Risk & Compliance

Huawei CFO Argues for Halt to Extradition Case

Meng Wanzhou's lawyers said President Trump's comments about the case are evidence it is politically motivated.
Matthew HellerMay 9, 2019

Attorneys for Huawei’s CFO previewed their arguments for halting U.S. efforts to extradite her from Canada, citing comments by President Donald Trump to support their view that the case is politically motivated.

The U.S. is seeking Meng Wanzhou’s extradition on charges that she deceived banks as part of a scheme to hide Huawei’s ownership of Skycom, a company that did business in Iran. Since her arrest in December, Trump has suggested intervening in the case if it would help seal a trade deal with Beijing.

Meng Wanzhou

“If I think it’s good for the country, if I think it’s good for what will be certainly the largest trade deal ever made — which is a very important thing — what’s good for national security, I would certainly intervene if I thought it was necessary,” he told Reuters in an interview.

At a court hearing in Vancouver on Wednesday, Meng’s lawyer Scott Fenton said Trump’s comments were “corrosive of the rule of law” and evidence that the case is politically motivated.

They should disqualify the U.S. from seeking Meng’s extradition, he said, adding that no jury, properly instructed, could find her guilty of fraud.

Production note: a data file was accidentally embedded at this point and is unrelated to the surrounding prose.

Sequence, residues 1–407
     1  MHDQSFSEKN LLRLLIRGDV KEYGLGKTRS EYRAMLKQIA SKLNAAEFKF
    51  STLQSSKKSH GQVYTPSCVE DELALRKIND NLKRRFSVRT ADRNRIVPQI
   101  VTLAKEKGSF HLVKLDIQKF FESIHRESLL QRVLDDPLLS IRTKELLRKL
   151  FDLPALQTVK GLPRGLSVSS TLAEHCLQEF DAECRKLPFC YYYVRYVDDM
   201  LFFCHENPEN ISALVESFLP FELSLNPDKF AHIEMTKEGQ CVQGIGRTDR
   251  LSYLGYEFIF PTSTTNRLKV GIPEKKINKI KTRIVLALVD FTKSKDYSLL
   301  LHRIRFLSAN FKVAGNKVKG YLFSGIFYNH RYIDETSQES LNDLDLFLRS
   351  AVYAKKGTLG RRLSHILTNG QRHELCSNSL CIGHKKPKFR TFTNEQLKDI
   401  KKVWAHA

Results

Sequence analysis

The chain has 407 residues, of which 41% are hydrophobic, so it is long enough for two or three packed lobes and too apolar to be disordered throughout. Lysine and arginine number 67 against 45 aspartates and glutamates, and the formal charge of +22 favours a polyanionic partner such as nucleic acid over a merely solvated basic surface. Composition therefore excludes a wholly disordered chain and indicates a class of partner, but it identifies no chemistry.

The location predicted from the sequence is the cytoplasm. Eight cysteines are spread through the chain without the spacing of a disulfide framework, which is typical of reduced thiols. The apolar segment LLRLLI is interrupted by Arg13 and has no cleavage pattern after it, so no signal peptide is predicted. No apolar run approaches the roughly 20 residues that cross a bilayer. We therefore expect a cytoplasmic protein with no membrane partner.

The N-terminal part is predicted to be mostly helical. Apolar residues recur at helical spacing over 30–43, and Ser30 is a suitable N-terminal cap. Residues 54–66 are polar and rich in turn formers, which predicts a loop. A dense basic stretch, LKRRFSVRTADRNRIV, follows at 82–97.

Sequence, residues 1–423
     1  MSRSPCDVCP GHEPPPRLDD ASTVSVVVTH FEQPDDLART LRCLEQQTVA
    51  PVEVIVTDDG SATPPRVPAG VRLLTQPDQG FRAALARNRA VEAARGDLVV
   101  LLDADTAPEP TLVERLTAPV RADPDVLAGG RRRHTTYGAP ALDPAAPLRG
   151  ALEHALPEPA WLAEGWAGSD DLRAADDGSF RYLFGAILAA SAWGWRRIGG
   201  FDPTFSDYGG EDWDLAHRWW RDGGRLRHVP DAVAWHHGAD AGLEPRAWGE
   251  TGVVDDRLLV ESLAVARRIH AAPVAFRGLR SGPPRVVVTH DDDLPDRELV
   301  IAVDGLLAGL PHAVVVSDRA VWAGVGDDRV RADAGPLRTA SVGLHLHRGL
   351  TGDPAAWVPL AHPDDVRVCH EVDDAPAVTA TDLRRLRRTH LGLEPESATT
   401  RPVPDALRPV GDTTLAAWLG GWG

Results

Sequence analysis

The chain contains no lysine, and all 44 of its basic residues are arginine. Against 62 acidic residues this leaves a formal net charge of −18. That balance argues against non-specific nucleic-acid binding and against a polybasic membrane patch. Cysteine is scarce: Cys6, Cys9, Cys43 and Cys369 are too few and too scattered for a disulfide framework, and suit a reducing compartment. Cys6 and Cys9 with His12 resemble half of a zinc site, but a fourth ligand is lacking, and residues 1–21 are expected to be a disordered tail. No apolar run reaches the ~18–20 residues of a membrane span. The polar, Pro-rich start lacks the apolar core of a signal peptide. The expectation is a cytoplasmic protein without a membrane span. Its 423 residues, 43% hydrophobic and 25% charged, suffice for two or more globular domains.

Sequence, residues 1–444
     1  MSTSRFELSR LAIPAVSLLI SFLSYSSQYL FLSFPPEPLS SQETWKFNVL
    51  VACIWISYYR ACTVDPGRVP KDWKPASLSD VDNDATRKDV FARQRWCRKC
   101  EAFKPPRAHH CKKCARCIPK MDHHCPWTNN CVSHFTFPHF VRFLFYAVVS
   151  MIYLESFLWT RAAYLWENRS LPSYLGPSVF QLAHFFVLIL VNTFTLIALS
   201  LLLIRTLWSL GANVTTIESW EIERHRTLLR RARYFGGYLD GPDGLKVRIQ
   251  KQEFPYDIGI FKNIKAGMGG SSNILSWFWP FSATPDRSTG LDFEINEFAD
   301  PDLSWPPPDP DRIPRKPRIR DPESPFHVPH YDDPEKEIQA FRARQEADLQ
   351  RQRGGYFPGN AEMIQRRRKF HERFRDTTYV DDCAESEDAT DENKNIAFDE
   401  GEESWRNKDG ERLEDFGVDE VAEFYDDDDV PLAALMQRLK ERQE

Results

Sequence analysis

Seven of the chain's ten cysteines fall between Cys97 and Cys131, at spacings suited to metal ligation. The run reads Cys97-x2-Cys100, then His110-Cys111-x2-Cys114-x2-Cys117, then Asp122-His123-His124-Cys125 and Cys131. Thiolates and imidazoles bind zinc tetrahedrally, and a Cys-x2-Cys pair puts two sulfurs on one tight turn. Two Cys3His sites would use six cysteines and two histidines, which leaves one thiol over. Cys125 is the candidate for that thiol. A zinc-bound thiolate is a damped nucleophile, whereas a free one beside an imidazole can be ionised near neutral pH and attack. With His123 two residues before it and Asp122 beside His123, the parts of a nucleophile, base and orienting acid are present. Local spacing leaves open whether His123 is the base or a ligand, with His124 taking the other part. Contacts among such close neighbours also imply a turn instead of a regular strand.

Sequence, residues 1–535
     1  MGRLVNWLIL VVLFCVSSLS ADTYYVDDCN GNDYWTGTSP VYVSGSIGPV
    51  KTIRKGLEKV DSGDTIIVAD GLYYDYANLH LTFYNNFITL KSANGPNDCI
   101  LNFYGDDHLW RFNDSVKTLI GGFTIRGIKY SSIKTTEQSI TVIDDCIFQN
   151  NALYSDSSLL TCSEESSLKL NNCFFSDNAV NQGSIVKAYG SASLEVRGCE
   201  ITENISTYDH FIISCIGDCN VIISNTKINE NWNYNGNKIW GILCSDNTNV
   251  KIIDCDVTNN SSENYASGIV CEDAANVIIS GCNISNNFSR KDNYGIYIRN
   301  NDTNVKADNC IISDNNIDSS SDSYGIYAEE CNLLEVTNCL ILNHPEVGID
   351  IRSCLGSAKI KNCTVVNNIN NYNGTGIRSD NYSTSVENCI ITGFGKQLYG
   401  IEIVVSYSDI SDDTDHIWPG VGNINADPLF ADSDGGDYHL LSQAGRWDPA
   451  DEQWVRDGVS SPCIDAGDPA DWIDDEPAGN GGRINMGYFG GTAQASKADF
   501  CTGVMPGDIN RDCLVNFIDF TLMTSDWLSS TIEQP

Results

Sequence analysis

As Reuters reports, the case “has attracted global attention and sparked a diplomatic crisis between Beijing and Ottawa.” China has repeatedly demanded the release of Meng, the daughter of Huawei’s founder, and she has sued Canada for violating her civil rights.

Meng’s defense team also said Wednesday there is no evidence that she lied to a Huawei bank about its relationship with Skycom and that she cannot be extradited because the conduct at issue would not be criminal in Canada.

Huawei has said Skycom was a local business partner in Iran but the U.S. maintains it was an unofficial subsidiary that the Chinese telecom giant used to continue doing business in Iran despite U.S. export sanctions.

Meng is currently free under private guard on $7.4 million bail. Justice Department officials have insisted the case has nothing to do with the U.S.-China trade dispute.

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